Sarmad is perhaps the most famous Malamatiya Sufi saint of his time. Very little is known about his early life. Some say that he was an Armenian. While some claim that he was a Jew who later converted to Islam. Sarmad’s life gets a clearer picture from the time he came to India and landed in the port of Thatta in Gujarat along with a band of Sufi saints on a merchant ship. From here onwards, Sarmad’s life took the eventual course for which he is remembered today.
At Thatta in a musical concert, Sarmad happened to see the youthful Abhay Chand, who was the son of a rich Hindu trader. It was love at first sight for Sarmad and Abhay. Abhay Chand’s melodious voice which he rendered at a ghazal pierced the tender heart of Sarmad so much that he never recovered from the feeling of love. Sarmad began to attend the concert daily not caring that the ship on which he came had sailed away. Abhay Chand also responded to his love with equal devotion and soon the two began to live together at Sarmad’s place. Soon gossips started to abound in Thatta about the two men living in unnatural conditions. Soon Abhay Chand’s parents took him away and confined him in his house. The pain of separation was too much for Sarmad who tore of his cloths and began to roam the streets of Thatta in a state of frenzy seeking his beloved Abhay Chand. From that day on, he was to live in a state of total nudity for the rest of his life.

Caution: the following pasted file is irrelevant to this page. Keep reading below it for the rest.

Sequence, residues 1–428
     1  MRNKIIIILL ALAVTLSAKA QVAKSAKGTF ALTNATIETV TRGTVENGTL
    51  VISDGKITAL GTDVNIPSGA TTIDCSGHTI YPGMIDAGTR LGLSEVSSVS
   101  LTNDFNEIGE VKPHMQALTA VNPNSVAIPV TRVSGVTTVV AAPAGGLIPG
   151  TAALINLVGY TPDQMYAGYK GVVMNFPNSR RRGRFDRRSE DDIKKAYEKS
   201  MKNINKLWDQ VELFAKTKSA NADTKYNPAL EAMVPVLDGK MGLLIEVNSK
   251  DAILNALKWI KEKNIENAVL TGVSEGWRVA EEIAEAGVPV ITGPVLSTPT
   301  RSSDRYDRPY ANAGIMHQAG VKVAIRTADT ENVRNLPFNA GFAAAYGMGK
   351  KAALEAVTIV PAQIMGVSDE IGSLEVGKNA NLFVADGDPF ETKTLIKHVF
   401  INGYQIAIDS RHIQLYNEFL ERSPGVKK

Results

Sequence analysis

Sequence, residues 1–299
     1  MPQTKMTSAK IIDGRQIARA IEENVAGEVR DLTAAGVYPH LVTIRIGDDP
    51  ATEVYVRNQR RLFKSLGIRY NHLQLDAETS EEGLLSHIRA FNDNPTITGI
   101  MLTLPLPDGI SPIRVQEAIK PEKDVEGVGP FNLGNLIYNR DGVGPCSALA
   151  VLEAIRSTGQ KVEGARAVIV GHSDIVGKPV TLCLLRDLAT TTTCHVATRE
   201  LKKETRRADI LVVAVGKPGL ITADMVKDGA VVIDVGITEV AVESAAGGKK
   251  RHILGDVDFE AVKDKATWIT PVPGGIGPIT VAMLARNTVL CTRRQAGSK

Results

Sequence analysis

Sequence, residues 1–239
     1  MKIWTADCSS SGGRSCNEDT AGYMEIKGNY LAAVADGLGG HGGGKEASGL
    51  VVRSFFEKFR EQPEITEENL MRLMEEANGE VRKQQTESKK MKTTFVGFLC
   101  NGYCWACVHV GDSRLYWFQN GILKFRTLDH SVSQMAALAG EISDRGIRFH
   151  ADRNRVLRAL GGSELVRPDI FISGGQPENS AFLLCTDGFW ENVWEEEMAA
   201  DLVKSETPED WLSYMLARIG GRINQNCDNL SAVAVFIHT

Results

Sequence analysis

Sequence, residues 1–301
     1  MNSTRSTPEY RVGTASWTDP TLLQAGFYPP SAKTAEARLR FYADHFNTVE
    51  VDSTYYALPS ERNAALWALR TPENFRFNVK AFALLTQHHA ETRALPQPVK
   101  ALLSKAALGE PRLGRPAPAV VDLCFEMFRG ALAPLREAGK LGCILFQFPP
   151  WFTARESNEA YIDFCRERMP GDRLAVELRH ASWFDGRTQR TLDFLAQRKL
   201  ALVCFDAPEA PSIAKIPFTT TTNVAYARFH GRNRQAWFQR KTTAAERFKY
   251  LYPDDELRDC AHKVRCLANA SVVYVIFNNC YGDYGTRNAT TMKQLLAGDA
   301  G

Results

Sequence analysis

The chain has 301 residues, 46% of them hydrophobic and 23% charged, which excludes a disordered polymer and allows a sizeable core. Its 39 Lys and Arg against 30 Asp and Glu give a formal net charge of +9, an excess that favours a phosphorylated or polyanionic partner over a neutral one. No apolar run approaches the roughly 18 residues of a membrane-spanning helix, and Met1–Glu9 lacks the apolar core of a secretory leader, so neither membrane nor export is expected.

Meanwhile, Abhay Chand’s conditions were no better and at last his parents gave in to their sons wish and let him reunite with Sarmad. But they were ostracized by the people of Thatta and so they moved to Lahore. Here they stayed for thirteen years where Sarmad composed some of his most moving verses on love and God. Abhay Chand would sing these verses in his melodious voice and Sarmad would break into a dance of ecstasy. For Sarmad, his love for Abhay Chand was a means to realizing God, for Sarmad believed that God manifested in all his living beings and so he could not be separated from his beloved. Sarmad’s search for God in all of his creations blurred the lines of caste and creeds drawn by men. This he clearly explains in this beautiful verse:
“Who is the lover, beloved, idol and idol-maker but You?
Who is the beloved of the Kaaba, the temple and the mosque?
Come to the garden and see the unity in the array of colours.